The independent news organization of Duke University

Durham Mayor Steve Schewel to issue stay-at-home order for city to slow coronavirus spread

Durham will soon join cities, counties and states around the country in issuing a “stay at home” order to slow the spread of the coronavirus pandemic. 

Durham Mayor Steve Schewel will hold a press conference Wednesday at 11 a.m. announcing the order, according to a City of Durham news release. Durham County has reported 74 cases of COVID-19 as of Tuesday, a total that has nearly doubled since Friday and is close to the most of any county in the state. Of those 74, 26 are members of the Duke community. 

No details on specifics of the order and when it will go into effect were divulged in the release. 

Schewel had expressed reluctance to issue a local “stay at home” order at a news conference Friday, saying a local “stay at home” policy as opposed to a statewide order would not be very effective, as people drive in and out of Durham every day. Gov. Roy Cooper has not yet ordered any “stay at home” policy, but Mecklenburg County, which has been ravaged by the virus, announced a “stay at home” order Tuesday that will go into effect Thursday morning.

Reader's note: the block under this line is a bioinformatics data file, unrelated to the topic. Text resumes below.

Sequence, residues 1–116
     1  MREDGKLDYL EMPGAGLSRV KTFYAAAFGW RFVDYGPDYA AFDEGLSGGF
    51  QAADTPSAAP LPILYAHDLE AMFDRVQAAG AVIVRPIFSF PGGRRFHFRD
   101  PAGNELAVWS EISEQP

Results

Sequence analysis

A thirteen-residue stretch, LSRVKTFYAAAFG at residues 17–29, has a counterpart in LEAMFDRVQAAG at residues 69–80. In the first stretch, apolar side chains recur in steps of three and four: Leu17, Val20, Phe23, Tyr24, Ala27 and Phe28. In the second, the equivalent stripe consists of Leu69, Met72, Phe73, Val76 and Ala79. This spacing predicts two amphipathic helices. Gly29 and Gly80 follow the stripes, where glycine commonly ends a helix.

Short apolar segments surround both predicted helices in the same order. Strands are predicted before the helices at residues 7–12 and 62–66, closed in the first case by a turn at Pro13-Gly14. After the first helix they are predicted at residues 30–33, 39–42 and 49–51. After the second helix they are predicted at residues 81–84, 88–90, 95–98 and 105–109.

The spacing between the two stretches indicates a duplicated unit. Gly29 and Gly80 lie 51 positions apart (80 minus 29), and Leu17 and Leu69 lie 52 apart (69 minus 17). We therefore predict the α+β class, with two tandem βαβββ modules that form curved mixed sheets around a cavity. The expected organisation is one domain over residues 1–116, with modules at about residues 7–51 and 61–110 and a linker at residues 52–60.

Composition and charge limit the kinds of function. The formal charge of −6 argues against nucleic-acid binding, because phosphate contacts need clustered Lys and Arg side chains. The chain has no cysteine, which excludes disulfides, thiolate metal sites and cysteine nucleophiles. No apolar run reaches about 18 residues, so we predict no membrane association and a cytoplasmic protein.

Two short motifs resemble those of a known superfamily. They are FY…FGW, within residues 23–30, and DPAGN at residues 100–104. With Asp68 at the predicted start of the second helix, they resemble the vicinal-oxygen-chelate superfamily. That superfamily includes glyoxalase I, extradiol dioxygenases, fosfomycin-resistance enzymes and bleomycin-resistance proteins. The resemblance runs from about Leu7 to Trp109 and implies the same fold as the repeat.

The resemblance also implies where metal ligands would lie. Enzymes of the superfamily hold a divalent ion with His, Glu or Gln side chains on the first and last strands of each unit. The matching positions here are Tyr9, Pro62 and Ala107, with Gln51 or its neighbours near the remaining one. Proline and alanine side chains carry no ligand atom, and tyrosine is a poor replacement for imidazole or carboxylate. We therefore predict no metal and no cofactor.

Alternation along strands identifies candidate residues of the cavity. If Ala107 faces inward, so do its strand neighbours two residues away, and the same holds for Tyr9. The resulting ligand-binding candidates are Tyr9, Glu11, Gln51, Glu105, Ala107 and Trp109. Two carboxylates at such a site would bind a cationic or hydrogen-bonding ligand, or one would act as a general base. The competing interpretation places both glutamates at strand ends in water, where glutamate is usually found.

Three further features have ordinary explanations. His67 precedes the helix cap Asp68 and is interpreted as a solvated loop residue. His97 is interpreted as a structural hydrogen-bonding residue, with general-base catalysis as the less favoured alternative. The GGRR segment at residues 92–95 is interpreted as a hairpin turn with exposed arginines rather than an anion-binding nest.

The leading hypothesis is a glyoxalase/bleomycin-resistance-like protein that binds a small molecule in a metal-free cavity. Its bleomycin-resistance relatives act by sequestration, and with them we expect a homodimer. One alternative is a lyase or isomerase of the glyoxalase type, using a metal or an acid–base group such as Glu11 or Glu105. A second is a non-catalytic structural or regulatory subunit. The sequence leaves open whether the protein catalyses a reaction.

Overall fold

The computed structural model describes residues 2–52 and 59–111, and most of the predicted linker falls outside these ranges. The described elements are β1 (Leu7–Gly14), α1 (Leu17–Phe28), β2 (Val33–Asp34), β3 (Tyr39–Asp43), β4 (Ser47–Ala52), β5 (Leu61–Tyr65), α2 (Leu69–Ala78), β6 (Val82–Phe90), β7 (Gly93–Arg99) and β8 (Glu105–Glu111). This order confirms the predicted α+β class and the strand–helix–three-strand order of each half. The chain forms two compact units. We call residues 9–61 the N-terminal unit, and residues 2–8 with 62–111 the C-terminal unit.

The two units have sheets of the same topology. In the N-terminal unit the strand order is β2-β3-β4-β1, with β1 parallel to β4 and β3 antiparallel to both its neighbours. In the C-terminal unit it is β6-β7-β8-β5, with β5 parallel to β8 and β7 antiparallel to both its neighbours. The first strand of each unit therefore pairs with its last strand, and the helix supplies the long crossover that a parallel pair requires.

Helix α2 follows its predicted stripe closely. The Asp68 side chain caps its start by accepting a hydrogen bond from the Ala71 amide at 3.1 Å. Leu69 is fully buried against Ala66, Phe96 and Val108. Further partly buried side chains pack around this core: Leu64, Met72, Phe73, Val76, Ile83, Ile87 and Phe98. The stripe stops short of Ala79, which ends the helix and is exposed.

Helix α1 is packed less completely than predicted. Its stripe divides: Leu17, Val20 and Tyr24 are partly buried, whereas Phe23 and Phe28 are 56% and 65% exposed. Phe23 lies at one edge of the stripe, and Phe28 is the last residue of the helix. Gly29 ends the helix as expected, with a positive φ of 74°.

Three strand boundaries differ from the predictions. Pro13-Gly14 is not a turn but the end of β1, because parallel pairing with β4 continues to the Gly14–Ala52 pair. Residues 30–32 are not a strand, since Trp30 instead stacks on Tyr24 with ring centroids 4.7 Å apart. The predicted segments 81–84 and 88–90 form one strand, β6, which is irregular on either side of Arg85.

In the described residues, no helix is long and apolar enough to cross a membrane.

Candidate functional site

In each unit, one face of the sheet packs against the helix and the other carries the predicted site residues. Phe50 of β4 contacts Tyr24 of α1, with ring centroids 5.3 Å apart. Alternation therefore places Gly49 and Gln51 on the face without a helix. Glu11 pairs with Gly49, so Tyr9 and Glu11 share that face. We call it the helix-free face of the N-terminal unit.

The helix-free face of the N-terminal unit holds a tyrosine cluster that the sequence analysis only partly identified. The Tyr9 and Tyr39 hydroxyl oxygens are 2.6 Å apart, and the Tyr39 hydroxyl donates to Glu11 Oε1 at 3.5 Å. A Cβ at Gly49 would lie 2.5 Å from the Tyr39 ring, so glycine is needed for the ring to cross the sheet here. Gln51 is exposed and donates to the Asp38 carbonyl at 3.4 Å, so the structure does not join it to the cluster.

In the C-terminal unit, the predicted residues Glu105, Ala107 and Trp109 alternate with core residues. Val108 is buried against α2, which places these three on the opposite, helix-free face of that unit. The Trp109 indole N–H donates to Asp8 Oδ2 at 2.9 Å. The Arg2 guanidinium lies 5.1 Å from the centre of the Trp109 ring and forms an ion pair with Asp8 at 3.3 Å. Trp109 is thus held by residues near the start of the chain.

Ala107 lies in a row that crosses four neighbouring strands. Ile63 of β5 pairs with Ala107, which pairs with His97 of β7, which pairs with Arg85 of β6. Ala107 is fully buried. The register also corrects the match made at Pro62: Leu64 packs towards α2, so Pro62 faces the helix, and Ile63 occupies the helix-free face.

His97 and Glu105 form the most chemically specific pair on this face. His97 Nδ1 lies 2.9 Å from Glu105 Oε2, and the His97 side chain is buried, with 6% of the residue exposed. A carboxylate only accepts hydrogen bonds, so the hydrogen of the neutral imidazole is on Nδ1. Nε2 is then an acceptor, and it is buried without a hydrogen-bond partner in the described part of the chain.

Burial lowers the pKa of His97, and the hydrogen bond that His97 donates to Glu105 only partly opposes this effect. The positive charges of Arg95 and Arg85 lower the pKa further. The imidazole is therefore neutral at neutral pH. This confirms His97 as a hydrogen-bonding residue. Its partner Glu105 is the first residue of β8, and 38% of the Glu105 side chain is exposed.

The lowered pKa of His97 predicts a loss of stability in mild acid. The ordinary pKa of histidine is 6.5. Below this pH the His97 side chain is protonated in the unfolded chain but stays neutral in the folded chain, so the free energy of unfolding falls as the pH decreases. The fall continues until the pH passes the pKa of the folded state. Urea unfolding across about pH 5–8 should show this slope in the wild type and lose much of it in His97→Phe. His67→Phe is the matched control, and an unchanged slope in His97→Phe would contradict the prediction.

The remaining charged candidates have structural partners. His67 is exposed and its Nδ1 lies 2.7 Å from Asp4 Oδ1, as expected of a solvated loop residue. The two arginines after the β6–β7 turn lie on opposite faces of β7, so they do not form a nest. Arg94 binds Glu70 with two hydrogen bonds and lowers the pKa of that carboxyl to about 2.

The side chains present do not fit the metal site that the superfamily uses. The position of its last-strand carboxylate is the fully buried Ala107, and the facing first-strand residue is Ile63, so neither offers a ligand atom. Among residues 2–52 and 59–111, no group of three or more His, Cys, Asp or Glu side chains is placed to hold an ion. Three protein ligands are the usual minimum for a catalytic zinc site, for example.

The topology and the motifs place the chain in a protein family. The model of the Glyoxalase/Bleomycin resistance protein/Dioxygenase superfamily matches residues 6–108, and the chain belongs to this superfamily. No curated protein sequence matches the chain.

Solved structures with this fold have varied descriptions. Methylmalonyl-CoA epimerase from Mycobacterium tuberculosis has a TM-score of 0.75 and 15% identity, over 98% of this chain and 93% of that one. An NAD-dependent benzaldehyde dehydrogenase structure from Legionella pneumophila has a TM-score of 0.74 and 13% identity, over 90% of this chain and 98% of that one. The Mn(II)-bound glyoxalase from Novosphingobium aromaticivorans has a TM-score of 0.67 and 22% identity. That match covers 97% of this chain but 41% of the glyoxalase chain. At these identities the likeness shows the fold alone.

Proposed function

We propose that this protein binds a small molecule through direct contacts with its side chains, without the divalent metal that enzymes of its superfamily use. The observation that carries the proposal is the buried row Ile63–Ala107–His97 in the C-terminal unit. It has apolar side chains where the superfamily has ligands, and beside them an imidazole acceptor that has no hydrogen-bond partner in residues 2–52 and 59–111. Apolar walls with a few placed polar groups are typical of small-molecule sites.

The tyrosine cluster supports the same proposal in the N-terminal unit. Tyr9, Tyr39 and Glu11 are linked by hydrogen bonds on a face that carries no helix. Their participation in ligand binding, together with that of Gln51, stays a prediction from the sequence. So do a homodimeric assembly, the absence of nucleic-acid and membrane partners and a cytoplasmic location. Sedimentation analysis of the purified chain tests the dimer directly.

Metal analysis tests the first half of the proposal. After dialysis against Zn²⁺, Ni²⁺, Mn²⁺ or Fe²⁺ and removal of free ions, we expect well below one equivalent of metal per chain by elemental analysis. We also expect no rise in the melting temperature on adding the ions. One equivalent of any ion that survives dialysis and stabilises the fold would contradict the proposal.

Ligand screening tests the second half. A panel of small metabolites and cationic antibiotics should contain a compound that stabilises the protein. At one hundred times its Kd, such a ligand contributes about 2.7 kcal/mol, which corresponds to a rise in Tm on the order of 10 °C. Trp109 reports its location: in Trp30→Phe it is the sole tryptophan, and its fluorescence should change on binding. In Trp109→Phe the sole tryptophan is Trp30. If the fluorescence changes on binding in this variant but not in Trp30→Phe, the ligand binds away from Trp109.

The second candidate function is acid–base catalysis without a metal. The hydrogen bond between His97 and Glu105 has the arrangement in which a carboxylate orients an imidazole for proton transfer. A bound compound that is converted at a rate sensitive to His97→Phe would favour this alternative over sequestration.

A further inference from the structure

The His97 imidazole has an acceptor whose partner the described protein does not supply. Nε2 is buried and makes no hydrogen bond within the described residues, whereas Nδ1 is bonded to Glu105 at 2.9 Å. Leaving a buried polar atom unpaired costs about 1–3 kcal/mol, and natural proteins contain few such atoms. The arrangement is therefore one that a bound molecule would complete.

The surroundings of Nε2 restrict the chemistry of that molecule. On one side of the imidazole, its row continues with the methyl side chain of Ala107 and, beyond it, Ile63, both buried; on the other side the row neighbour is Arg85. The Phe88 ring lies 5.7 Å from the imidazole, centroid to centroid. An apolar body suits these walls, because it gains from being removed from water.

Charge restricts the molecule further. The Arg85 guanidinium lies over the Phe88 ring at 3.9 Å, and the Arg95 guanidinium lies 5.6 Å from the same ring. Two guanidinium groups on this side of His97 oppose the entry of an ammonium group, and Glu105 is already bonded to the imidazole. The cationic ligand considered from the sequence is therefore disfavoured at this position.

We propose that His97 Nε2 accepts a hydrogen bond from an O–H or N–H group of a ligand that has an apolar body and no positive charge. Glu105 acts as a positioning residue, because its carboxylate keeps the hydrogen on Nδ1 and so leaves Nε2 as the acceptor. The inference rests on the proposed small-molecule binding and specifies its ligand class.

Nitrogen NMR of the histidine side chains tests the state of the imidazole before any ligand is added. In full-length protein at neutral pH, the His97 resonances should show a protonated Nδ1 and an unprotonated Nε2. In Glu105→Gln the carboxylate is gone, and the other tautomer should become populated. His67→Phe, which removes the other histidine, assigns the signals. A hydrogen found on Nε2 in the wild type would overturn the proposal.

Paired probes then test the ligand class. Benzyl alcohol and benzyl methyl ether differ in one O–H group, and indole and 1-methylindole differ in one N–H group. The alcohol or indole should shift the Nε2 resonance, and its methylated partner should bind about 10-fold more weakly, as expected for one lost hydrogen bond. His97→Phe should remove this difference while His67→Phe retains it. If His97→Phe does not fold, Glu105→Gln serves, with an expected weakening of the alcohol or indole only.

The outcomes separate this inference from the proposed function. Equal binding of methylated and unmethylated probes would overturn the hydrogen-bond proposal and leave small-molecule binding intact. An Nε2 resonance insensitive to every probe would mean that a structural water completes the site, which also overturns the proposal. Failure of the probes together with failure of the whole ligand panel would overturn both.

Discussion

On Friday, Schewel stressed the value of taking swift action. 

“Societies that have most effectively fought coronavirus have acted early,” he said.

Mecklenburg County’s “stay at home” order will ban gatherings of more than 10 people but will leave essential businesses like grocery stores and pharmacies open. It will be implemented for three weeks. 

The order allows leaving the home to get supplies, exercise outdoors, care for others, engage in "essential" work, or for health reasons. 

Discussion

Share and discuss “Durham Mayor Steve Schewel to issue stay-at-home order for city to slow coronavirus spread” on social media.